Kestrel

The house is quiet, I'm watching the sunrise while the rest of the family sleep. This hour or sometimes two is very precious. In finding my own rhythm, alone, our family life is finding its. I wobbled badly last year with this journey we're on, with the overwhelming relentlessness of family life to say nothing of living a school free life. A year of illness, a fifth house move in as many years, resettling into a new area, opportunities for me to do something different, the realisation that if we continue this particular path I will be 60 before I can realistically choose another path for me. Those wobbles and worries and fretting niggles rolled right over in a mighty wave to this year.

By the time we settled back into something resembling a "school" year the children were begging for table time, for structure and for a daily, weekly and from the Eldest, a yearly rhythm. I was more resistant than I've ever been, kicking back like a recalcitrant toddler. I did no reading. I did no lesson plans. I set up repeated meeting times with the Husband to discuss breaking down the curriculum sharing we'd tried at the end of last year and then subconsciously sabotaged each one. I realised right now, I really didn't want to be a homeschool mom, I wanted that empty house in the middle of the day, I wanted to walk back in the front door of an afternoon and see the house exactly as I'd left it to do the school run in the morning.

I realised, what I wanted most, was to be normal - to not be the person who caused the room to feel awkward when the inevitable questions were asked "which school do your kids go to?" or "so where do you work?"

I've spent my whole life slightly left of centre, I've never been normal in terms of what society might call everyday, even when our kids went to school we couldn't pick an ordinary one, we chose some weird, hippy, pastel colours in the kindy school. I don't eat meat and I don't give birth in a hospital (well I did, but I also birthed at home). Got me beaten up at school my differences, found me a huge group of interesting and diverse friends at university. Suddenly, in my mid 40s, I found myself with a fierce and unquenchable longing to just fit in with the world around me, choose the standard and understandable route. It's safe, it's understandable by the wider community and with that safety comes comfort and acceptance.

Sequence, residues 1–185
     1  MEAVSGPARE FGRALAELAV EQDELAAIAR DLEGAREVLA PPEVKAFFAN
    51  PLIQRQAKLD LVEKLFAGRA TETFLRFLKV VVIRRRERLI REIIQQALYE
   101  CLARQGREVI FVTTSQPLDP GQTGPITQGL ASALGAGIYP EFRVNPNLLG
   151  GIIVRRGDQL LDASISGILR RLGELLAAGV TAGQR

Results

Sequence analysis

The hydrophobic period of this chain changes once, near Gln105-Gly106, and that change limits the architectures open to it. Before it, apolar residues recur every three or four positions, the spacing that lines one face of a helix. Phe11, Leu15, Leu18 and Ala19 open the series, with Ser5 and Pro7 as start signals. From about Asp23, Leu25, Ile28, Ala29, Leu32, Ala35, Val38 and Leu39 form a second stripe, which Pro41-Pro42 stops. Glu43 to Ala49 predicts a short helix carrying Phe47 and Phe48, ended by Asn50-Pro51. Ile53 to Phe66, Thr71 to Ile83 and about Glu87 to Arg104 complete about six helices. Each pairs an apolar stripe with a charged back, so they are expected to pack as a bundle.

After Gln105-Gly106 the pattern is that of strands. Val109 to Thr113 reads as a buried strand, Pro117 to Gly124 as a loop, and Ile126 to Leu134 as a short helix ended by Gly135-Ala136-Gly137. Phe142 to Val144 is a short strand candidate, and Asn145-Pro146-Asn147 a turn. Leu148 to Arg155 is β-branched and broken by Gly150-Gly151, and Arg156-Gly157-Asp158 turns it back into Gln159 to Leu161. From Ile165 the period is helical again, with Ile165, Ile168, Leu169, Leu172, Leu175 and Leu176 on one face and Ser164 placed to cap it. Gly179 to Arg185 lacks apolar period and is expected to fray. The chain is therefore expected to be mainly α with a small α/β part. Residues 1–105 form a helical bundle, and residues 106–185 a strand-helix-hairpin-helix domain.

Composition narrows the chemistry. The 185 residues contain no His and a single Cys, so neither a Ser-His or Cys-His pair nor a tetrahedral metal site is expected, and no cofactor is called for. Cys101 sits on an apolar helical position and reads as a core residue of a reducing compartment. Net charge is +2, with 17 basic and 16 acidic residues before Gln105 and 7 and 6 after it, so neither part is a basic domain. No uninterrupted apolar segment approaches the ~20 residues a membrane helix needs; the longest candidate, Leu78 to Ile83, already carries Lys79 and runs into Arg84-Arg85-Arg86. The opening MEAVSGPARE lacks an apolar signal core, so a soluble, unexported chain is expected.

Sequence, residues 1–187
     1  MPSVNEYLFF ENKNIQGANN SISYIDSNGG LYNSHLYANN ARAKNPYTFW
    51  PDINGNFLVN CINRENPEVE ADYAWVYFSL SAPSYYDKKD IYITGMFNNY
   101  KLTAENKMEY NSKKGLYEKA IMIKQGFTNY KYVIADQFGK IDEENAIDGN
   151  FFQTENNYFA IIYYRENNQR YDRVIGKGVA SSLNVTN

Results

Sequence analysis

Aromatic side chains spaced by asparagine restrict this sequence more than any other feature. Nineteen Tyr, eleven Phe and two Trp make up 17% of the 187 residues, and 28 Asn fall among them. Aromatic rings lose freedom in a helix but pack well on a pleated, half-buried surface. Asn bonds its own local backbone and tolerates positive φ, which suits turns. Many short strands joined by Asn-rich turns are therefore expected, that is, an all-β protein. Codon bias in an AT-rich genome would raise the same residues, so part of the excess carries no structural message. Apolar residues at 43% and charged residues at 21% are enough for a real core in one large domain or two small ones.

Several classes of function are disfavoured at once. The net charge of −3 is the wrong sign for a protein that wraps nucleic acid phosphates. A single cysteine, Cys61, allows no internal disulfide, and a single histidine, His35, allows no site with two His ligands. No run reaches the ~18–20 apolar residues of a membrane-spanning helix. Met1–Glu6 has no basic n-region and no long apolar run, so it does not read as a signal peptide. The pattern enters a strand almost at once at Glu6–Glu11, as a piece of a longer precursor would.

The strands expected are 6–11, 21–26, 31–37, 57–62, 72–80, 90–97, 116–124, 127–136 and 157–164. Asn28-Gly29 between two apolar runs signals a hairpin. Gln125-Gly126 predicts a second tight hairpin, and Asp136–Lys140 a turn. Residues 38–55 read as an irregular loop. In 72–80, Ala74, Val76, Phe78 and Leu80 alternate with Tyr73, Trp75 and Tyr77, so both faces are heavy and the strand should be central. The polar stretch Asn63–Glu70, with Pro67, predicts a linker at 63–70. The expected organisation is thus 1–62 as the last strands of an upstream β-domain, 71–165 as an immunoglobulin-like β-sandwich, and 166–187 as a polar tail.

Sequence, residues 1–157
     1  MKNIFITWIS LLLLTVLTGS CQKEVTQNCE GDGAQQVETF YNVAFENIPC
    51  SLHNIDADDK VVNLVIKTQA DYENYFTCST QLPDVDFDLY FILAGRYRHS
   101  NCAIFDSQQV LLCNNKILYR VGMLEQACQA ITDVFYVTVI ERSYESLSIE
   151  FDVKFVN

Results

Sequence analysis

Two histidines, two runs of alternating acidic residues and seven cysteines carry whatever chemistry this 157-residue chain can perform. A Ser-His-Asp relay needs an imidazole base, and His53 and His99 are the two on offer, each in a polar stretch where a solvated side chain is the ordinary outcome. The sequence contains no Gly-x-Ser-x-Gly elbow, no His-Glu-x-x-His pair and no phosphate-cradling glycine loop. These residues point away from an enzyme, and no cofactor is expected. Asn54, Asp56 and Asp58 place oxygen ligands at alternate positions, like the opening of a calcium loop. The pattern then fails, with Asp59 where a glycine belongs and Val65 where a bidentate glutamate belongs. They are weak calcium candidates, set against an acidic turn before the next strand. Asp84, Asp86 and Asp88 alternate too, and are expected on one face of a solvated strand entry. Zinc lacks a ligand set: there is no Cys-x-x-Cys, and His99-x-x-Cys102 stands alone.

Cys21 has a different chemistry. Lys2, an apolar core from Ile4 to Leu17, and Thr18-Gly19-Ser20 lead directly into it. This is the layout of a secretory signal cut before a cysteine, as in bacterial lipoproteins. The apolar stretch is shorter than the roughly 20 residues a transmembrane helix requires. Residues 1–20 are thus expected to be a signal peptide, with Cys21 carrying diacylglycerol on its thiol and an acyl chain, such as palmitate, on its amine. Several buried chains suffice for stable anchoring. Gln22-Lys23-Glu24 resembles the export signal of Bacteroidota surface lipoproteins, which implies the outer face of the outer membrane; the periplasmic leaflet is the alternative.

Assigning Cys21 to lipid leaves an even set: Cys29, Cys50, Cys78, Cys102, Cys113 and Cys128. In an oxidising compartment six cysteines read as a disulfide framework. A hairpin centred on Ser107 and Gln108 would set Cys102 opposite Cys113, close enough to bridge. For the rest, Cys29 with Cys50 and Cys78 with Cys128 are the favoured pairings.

And here I sit, on a Sunday morning, breakfast and two cups of tea past the hour with my books and blog posts and lesson plans in hand. There was no sudden epiphany, no movie land consciousness raising moment, I'm not the heroine who finally earns the adulation of family and friends who understand how incredibly special it is to have a maverick in their midst. I wish I could relate a story of gut wrenching heart warming brilliance...

Instead, I still struggle with living a school free life, I am chafing from the demands of four children who need such different things from me, I work daily to carve out time to remember the other threads of me, the ones that are not mother and formal educator.

What's working to support our family choice to be school free?

*I'm a grown up - I took on the major responsibility and whilst I'd dearly love some days to throw it all in and go live in a small apartment in Edinburgh and work as an archaeologist, I won't.

*My Husband is a grown up - when I wobble or lack inspiration he's there to pick up the slack but more importantly we are finally working as a team to offer our children the knowledge and life skills available.

*The children - they quite clearly see me struggling with being the pivot and have sat down and explored with honesty what they'd like to do and learn and how they can take charge of their own learning - I don't mean by this that the four year old has decided on astrophysics as a career path and is currently hand making her own telescope - but that the 13 year old and I have sat ourselves down and sketched out a weekly plan, she's examined the year's curriculum for herself and discussed with her father and I how she might achieve it all in addition to her extra curricular activities. The 11 year old has chosen not hurl himself about in agony when asked to write more than one or two lines for each main lesson. The eight year old is helping set the table in the mornings and taking a deep breath when her creations don't work quite right. The four year old may be induced to not sing loudly about poo while we're doing morning circle.